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11-11-2012, 02:17 PM
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The problem with +/- is that there are 5 players and a goalie on the ice for your team. It's a stat that reflects the ability of the team in general more so than the individual player. Stats like even strength points per minute are generally fairly constant throughout a player's career (other than when the player just breaks into the league, or starts declining hard with age), but plus minus varies wildly based on the team the player plays on. Generally, if you play a lot of minutes for a great team, your +/- will be terrific, while if you play a lot of minutes for a bad team, your +/- will be awful.

For example, let's look at a great 2-way player, Patrice Bergeron. Last year he lead the league in +/- at +36, but we should remember that the Bruins were a dominant 5 on 5 team, and the top 5 players in the league in +/- were ALL Bruins. However, in 06/07 the Bruins SUCKED (3rd worst team in the east, 2nd worst goal differential in the league), and guess what, Bergeron's +/- sucked too! He was -28 that year, worst on his team despite being an excellent 2-way player, and the 3rd worst +/- in the entire league, simply because he played huge minutes and was asked to go against the opposition's top lines on a regular basis.

Any stat that can rank the same player as either the best or 3rd worst player in the league, with both seasons being in his prime, has very little meaning. Bergeron is just one example, with virtually all players who have played on both great and awful teams you will find the same pattern. For example, Kessel was +23 on the excellent 08/09 Bruins, but he's been -8 to -20 every season on the awful Leafs. How about Filip Kuba? On the awful 10/11 Senators his -26 was among the worst in the league, but the next year the Senators improved dramatically, he got to play all season beside the terrific Erik Karlsson, and his +/- jumped to +26, one of the best in the league! His teammate Daniel Alfredsson made the same jump, from -19 in 10/11 to +16 in 11/12. How about Dan Boyle? He was -29 on the 07/08 Lightning, 2nd worst in the entire league that year despite playing just 37 games! Worst player ever, right? Gets traded to San Jose in the offseason, and has been a plus player ever since. Lightning teammate Martin St. Louis was tied for the 4th worst +/- that year (-23), despite having lead the entire league in +/- just a few years early when the Lightning were awesome (+35 in 03/04).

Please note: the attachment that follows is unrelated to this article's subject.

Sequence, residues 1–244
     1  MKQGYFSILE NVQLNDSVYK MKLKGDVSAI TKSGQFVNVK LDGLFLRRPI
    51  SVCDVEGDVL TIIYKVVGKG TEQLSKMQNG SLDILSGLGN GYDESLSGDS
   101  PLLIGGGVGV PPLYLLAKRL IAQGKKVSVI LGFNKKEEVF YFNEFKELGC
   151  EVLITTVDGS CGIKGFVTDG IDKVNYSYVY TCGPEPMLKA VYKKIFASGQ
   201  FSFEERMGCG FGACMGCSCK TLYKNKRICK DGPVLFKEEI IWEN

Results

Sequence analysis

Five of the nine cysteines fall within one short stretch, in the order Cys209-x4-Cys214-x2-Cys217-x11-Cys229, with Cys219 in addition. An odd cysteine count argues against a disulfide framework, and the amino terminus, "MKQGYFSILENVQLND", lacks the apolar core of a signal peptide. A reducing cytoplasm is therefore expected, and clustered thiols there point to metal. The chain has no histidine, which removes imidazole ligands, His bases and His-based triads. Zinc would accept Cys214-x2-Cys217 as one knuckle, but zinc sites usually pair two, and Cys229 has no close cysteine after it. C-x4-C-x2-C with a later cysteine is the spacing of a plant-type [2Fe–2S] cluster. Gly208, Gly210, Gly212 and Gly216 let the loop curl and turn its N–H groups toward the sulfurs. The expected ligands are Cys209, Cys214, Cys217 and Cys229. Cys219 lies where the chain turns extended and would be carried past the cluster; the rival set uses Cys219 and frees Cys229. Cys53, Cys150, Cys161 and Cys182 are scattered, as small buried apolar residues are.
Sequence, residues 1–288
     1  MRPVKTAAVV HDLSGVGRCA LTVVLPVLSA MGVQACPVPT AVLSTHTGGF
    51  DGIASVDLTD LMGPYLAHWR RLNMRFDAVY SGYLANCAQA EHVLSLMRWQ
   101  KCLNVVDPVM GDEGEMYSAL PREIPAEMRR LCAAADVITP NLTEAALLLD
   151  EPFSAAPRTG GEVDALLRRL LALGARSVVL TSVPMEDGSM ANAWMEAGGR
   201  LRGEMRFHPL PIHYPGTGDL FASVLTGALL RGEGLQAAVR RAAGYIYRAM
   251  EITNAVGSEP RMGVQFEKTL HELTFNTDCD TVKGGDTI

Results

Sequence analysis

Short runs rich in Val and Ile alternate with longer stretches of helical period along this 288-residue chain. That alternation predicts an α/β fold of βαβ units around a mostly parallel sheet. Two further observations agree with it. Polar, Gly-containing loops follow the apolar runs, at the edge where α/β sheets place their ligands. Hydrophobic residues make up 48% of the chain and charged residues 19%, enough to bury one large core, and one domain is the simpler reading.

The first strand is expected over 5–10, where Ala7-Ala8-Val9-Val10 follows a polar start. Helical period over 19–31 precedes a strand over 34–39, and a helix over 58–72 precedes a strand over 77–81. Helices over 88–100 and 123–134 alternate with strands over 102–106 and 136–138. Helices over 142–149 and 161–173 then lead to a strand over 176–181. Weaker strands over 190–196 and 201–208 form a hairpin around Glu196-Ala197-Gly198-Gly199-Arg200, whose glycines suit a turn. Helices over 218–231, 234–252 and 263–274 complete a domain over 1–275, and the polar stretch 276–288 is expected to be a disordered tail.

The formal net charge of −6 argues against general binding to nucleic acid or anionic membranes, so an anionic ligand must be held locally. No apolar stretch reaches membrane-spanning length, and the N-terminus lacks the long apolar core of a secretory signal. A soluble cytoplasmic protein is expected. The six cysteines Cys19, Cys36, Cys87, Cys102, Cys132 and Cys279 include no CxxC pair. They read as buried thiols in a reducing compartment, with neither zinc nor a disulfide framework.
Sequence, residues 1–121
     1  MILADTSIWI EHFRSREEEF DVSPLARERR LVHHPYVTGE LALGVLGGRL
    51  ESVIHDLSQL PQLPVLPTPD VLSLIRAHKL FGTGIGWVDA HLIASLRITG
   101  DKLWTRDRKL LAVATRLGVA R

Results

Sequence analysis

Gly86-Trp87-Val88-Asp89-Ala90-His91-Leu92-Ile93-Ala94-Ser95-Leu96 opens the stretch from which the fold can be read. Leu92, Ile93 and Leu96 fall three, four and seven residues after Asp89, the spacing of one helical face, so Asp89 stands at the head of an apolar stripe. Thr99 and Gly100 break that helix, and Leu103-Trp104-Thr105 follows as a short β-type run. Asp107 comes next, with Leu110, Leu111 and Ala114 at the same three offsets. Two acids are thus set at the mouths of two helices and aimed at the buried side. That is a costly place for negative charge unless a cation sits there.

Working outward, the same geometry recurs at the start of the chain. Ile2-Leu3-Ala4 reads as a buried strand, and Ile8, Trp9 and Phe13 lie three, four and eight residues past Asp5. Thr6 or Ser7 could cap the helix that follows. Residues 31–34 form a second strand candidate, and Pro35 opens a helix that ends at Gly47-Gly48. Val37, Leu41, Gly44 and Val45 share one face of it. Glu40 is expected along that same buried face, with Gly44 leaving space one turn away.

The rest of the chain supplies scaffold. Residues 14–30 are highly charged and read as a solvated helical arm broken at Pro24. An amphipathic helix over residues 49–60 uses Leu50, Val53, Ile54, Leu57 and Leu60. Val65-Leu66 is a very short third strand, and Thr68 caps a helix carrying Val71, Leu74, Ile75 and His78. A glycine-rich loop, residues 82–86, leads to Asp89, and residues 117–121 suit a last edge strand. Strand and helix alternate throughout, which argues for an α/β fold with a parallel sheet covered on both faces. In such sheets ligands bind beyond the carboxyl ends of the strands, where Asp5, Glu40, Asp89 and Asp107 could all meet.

I could literally go on forever, the examples are endless. +/- depends INCREDIBLY strongly on a players teammates, as well as the role he is given. An individual player is just 1/6th of his team at even strength. Even if you assume that a star is twice as important as the other players on the ice, his +/- would still depend almost 70% on his teammates, and just over 30% on himself.